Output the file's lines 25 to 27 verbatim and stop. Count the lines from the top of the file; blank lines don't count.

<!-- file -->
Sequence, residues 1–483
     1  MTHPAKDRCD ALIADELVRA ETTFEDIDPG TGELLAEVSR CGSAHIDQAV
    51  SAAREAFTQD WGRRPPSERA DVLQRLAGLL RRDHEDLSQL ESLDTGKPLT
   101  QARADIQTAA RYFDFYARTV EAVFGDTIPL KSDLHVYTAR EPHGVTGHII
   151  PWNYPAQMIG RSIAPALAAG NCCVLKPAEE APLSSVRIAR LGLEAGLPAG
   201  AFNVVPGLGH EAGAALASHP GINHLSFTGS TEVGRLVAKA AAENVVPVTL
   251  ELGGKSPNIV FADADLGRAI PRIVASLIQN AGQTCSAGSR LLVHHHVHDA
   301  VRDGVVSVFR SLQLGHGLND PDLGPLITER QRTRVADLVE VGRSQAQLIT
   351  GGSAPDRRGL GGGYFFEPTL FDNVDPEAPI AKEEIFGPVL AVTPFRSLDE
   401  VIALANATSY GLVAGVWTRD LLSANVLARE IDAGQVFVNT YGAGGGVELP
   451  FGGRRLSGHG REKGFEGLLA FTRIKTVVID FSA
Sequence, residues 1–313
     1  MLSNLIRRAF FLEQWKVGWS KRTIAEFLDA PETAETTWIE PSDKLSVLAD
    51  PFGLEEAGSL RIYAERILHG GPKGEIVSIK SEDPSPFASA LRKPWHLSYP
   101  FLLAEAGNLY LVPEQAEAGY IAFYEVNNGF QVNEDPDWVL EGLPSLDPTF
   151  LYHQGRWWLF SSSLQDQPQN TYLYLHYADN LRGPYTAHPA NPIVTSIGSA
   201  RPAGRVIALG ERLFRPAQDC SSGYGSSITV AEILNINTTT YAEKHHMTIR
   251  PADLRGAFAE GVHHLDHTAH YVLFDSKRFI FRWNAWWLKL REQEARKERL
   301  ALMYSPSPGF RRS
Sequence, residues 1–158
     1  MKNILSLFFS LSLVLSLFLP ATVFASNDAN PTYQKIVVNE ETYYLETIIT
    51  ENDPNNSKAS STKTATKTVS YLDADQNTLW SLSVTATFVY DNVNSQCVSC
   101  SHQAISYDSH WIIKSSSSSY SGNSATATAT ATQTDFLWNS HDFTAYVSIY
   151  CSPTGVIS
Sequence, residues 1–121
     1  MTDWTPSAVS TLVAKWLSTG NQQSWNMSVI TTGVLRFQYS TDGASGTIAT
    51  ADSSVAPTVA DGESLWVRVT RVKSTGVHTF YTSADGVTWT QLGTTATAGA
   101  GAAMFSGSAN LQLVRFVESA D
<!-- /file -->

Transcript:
Sequence, residues 1–121
     1  MTDWTPSAVS TLVAKWLSTG NQQSWNMSVI TTGVLRFQYS TDGASGTIAT
    51  ADSSVAPTVA DGESLWVRVT RVKSTGVHTF YTSADGVTWT QLGTTATAGA